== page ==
We’re off the NAS train for a bit, coming back from the underwhelming Dalmore KA III, back at you with another Bruichladdich. I’ll do a little compare and contrast with the Bruich’ Scottish Barley, AKA Classic Laddie. Note, the Islay malt does have an age statement. On the bottle it states “Distilled in 2009, bottled in 2015. Aged 6 years in oak casks.” So, this has been sitting around in bottles for two years. Similarly, the currently available Islay Barley shown on the Bruich website is from 2010. (Oddly, where the 2009 is redundant stating the time spent in cask, the 2010 bottle is silent on that subject.) So, you wonder, how does a 6-year old stack up to the standards from other distilleries aged 10-12 years? We’ll see below. Let’s see what goes into making this whisky.
First of all we have to recognize Bruichladdich as a distiller with an intense focus on how the whisky is made and from what. Not that other distillers are unfocused–I did visit a number of them this year–but these folks really take terroir to a fanatical level. My Islay Barley’s canister (photo alongside) boasts ‘Uber-provenance’ and names the Islay farms from which they sourced their barley. There is a lot of text about what was happening on the farms the year the barley was grown. It’s worth a read. We also find their credo on the canister, they “believe in Islay…in people..in authenticity provenance and traceability. We believe in slow.”
Regarding ‘slow’: the Bruichladdich people don’t stop at focusing on grain. On their website they describe in detail the old-fashioned equipment and methods used onsite: Oregon pine washbacks, Victorian equipment, little mechanization:
“The testament to their vision is that today the distillery is exactly the same as Robert designed it, and with most of the original machinery still in use….The Boby mill is the most precision piece of kit in the set up. We can regulate the crushing rollers with an astonishing degree of accuracy so that each variety of barley, each terroir’s produce, each harvest can be milled to precise tolerances. It was refurbished by the only man in the country with the expertise to do so, two weeks before he died.”
Cold, in their focus, working a man within weeks of his death. We can hope, I think, he died of old age <g>. Actually, the people there were quite friendly and outgoing. (More on that when I write up my whisky tours and visits.) I tried this expression on our visit there, and remember it from the tiny ‘driver’s taste’ that I had as being pretty damn good. The wife (who got to taste a whole dram) was so impressed she bugged me as soon as we got home to find a bottle. Hence these reviews!
We’ve tried both the current Scottish (Classic) and Islay Barley expressions. Both are bottled at 50% ABV and with no coloring or filtration. The Islay Barley, like the Classic, is an honest straw color, as you can tell from the photos — and sold in a clear bottle to show it off. Let’s get down to smell and taste.
On the nose, the Islay Barley is a bit gentler than the Classic — no sting on the nose, but also less of the grass and floral aroma the Classic has. That’s probably a trade-off of the longer maturation. What you get is a smoother delivery of the essential mineral character of the nose. I also noted a pleasantly funky maritime wrack — thanks to the casks being aged onsite, right next to Loch Indaal (a bay, really, so salt water). This aroma brings me back to that bleak Islay coast. The whisky is also smoother over the palate than the Classic. Where the Classic is prickly with white pepper and its toffee is in the background, with the Islay Barley, toffee is in the foreground. Its peppery notes and tannins are more reserved. This is not a ‘smooth’ dram, however. It’s not Lee Ritenour smooth, but more like a young George Benson where the Classic is Al DiMeola.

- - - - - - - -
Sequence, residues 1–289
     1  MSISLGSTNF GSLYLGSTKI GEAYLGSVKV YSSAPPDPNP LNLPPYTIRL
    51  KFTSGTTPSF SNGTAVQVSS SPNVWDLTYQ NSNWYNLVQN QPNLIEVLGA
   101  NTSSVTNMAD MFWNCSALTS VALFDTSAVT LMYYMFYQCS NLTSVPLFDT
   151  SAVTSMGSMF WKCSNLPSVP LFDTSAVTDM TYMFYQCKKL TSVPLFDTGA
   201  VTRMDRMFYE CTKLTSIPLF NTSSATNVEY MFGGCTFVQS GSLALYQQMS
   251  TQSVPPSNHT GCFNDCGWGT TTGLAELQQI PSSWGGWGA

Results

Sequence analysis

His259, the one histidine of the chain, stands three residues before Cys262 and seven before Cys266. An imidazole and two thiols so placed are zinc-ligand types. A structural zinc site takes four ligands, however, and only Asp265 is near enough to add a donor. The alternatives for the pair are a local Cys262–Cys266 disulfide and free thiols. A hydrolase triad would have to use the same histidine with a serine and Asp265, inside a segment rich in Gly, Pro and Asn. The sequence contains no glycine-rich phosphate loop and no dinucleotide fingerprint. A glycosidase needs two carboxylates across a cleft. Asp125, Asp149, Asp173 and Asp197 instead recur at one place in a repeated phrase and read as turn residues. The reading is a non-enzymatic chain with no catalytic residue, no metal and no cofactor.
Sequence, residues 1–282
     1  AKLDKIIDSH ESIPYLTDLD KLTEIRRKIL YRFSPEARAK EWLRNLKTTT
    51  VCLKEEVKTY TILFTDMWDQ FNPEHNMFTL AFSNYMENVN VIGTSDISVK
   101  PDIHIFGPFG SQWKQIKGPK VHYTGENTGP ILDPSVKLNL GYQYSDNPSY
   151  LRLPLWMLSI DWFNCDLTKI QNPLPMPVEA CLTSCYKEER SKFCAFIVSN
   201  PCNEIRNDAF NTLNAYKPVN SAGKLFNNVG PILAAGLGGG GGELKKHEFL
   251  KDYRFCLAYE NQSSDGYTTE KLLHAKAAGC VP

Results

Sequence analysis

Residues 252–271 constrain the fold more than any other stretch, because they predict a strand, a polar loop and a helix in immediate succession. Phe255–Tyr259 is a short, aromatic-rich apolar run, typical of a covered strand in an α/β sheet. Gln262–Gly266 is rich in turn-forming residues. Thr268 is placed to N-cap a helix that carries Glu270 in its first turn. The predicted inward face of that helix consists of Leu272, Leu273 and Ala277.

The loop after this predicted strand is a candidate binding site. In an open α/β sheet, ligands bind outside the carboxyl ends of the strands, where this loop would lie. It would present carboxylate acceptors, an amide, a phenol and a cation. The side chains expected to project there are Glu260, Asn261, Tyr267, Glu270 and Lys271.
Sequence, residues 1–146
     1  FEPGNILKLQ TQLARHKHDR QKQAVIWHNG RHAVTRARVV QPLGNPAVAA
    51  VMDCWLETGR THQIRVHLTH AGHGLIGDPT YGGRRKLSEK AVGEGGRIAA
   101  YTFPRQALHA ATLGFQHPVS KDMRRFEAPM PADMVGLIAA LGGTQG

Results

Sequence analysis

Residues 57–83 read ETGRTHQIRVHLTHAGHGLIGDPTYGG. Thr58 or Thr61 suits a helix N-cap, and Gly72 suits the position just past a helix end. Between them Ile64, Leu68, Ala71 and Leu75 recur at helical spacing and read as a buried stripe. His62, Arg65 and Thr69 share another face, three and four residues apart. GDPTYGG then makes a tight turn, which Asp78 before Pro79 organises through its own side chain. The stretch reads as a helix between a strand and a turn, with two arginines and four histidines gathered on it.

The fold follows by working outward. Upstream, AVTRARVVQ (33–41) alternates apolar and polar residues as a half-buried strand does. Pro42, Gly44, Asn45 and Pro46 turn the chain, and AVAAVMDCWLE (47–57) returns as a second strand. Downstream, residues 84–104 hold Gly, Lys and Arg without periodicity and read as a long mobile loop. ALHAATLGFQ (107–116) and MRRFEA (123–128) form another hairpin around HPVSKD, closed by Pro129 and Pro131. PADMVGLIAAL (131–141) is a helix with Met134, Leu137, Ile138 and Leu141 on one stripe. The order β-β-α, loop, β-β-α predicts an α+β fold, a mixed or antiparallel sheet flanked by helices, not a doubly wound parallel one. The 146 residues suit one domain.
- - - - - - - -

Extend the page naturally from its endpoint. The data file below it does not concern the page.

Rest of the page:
Bruichladdich Islay Barley 2009, Islay single malt, 50% ABV, not chill filtered or colored
Nose (unwatered): Did not sting me like the Classic did. Mineral and wrack, hints of toffee.
Palate (unwatered): Creamier than classic, it really brings the flavor forward. The foretaste is toffee and both treacle and vanilla. Less white pepper on the sides of the tongue but still plenty of tannins to balance the sweetness. A touch of water loses the creamy intensity, but does not uncover any hidden tendencies.
Finish (unwatered): The Islay Barley is certainly a step up from the Classic. If you find the Classic too lively and spicy, the Islay is your step towards refinement. It loses a little of the Classic’s youthful exuberance and interesting nose in exchange for a luxuriously rich palate. There is still some liveliness to the flavor — you won’t mistake this for a 12-year Speysider by any means. It is worth a try for its unique approach to the Islay tradition.
Bottom Line: Note that I tasted these at their bottled strength. That is a testament to the smoothness of the product. Yes, I call out these malts from Bruichladdich for being lively, but remember, that’s at 50% ABV. They’re lively, not harsh, and that’s not bad. So, does the distiller’s maniacal attention to detail pay off? Do you get what you pay for? The Classic is a rougher, though nicely complex, NAS expression for $50 around here. I think it is worth it and a good daily driver. In fact, the wife prefers the Classic. I prefer the Islay Barley and at about $70, I would consider this a ‘special occasion’ whisky — where Friday might be a special occasion. It’s in the same class as a Glenfarclas 17 or Balvenie Doublewood. Different than these, but good.
It’s no wonder Uncle Charlie, our taxi driver for a day, spoke highly of the Bruichladdich folks. We probably would not have made the trip that final day to visit the distillery if it weren’t for him. Thanks Charlie!